A biased training system fails to produce workplace skills and capabilities to win the future
Vocational education and training should aim to produce skilled and adaptable workers who will then find employment in the economy.
It is not, and should never be, about entrenching ideological notions of competition, market-based economic theories or conveying simplistic employer subsidy programs.
The challenges we face as a nation demand a mature, three-way conversation that is above politics and state rights if we are to arrest the decline of our once world-famous VET system.
Thanks to the major reforms that took place in the 1980s, high quality professional skills were identified as a prerequisite for the reshaping of our economy and industries.
Through tripartite collaboration, we have established sophisticated skill-based career paths, removed barriers to flexibility, and created appropriate salary relativities between different levels of skilled workers based on the increasing complexity of their skills.
This reform was facilitated by the reward system, which provided strong incentives for workers to participate in vocational training and to strengthen their economic capacities.
These reforms have created a dynamic, skilled and adaptable workforce. It was done with clear intent and careful planning. It integrated the industrial and economic needs of industry with a vocational education and training model designed to reflect those needs.
The needs of industry and students are secondary, eclipsed by the demands of private trainers to make a profit.
Thus, the last great jump in productivity of the 1990s and 2000s was the direct result of the reward restructuring process that placed skills formation at the center of industrial relations.
It succeeded because it brought the major voices of industry together in the same room and, through the involvement of the industrial relations system, balanced their competing interests with those of the nation.
It has been more than 30 years since these reforms led to the establishment of the national training system, but increasingly, turf wars over the priority of interests, the importance of links to industrial relations and micromanagement of the design and regulation of the system have compromised its ability to achieve its fundamental purpose.
Now we need the same level of leadership, courage and collaboration to ensure that we have the VET system we need to produce the skilled workforce that can lead us to a good recovery after this pandemic.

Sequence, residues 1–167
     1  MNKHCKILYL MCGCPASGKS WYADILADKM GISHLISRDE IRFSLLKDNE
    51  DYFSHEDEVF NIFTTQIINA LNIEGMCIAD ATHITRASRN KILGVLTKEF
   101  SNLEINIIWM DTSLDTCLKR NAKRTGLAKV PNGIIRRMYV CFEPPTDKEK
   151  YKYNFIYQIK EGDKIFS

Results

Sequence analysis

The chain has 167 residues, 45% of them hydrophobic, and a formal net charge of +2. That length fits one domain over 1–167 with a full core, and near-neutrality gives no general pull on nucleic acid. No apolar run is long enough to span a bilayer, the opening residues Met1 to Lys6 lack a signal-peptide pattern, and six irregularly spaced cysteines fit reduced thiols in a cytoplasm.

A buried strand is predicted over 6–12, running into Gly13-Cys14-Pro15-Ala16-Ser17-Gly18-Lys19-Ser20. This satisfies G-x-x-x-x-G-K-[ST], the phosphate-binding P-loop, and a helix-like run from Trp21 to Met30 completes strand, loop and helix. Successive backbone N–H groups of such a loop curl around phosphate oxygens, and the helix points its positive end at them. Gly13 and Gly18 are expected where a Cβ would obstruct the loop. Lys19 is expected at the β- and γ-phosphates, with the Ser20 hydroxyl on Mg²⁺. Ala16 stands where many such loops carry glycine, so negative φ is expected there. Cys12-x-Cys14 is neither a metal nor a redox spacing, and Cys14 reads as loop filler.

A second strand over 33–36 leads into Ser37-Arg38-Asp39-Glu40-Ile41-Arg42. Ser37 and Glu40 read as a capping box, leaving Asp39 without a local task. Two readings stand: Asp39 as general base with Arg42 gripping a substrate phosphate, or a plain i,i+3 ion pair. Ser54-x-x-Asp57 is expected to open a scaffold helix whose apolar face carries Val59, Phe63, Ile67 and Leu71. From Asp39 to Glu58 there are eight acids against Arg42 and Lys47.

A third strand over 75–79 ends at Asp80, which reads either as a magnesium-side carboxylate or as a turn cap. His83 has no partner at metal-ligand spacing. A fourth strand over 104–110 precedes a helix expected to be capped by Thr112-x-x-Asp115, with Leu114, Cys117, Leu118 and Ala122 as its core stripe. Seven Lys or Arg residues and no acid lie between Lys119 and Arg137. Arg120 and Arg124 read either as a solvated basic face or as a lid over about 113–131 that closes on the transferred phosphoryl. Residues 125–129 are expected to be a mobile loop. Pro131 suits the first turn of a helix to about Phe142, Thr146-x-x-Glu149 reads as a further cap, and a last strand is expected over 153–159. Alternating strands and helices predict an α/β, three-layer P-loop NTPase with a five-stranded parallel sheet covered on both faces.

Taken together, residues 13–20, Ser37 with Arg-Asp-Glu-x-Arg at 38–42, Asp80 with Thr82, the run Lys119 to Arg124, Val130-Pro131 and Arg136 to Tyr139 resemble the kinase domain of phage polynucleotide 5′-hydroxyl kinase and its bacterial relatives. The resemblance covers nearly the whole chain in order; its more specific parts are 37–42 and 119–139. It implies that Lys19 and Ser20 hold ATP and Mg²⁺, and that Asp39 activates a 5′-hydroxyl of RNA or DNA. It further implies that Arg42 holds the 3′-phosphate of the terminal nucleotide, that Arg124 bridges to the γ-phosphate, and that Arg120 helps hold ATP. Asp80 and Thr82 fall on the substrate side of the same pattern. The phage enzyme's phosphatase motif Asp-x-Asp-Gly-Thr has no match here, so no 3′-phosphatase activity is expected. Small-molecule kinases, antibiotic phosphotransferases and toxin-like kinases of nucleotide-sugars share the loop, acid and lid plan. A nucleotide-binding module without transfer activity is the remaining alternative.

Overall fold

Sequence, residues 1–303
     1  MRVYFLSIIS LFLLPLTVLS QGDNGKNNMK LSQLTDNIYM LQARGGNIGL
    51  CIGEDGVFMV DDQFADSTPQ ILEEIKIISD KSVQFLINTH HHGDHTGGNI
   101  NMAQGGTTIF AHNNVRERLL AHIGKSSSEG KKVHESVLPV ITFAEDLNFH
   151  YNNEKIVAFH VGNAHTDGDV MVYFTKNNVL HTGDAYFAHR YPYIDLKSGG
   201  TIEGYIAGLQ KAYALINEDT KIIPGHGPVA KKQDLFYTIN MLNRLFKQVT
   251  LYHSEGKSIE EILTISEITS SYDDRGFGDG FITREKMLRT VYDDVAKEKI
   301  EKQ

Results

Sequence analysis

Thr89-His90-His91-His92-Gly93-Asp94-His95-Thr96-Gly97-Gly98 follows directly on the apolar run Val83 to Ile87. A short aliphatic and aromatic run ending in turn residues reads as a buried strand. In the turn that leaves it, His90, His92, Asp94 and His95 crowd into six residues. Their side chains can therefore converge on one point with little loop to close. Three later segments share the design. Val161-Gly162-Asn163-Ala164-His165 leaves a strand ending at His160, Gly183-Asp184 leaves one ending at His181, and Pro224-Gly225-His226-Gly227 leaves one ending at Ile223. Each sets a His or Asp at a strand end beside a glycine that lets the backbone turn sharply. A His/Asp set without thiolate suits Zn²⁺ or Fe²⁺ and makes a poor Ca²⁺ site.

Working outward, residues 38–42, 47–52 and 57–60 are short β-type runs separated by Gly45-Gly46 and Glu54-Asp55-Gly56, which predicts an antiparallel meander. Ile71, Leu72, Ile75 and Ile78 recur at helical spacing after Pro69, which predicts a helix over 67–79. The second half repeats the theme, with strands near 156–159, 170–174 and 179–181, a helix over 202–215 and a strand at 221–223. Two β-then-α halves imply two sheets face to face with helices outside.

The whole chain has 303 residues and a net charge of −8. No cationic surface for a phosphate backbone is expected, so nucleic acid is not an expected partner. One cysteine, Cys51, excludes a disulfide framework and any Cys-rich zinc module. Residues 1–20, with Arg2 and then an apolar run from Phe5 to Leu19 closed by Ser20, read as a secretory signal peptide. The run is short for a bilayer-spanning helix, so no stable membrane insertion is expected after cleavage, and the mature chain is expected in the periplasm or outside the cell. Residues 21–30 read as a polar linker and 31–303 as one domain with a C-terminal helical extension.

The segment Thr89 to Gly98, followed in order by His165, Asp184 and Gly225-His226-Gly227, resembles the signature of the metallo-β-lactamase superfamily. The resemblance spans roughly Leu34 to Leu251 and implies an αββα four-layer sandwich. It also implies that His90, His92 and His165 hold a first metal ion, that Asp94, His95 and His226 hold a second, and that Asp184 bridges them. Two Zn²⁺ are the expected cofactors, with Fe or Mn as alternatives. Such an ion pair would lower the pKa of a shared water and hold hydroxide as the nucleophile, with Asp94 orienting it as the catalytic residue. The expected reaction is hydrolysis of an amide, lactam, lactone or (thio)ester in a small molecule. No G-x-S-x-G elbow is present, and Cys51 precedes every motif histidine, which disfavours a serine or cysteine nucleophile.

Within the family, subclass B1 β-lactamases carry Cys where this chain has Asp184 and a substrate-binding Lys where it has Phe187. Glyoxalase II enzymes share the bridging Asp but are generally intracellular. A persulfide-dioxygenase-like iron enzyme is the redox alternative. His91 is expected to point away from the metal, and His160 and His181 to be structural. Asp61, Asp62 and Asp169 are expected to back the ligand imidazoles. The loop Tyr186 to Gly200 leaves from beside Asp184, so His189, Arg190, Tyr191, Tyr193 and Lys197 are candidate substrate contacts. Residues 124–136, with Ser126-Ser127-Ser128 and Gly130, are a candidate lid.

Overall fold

The VET system has been slowly and relentlessly diverted from its primary purpose of producing skilled workers and has become a market, where the needs of industry and students are secondary, eclipsed by the demands of private trainers to generate a benefit.
Skills Ministers must look up and start a national conversation on the purpose of VET, the role of industry, employers and trade unions, and the imperative to mainstream industry’s need for workers competent, with the societal need for these workers to have access to broad general vocational training.
The public TAFE must play a central role in this. For decades it has been at the forefront of building the skills and capabilities of the Australian workforce, and should continue to be. Reform cannot be limited to increasing enrollment in training courses and playing with the design of qualifications, skill sets and micro-certifications.
A revitalized national training system must be developed in close collaboration with industry and meet minimum standards of competence. And, to be fit for purpose, it must also ensure that broader vocational education supports language, literacy, numeracy and critical thinking.
Only then will Australians have the skills we need for the future we all want.
Andrew Dettmer is National President and Ian Curry is National Coordinator of Vocational Training and Apprenticeship Policy at the Australian Manufacturing Workers Union.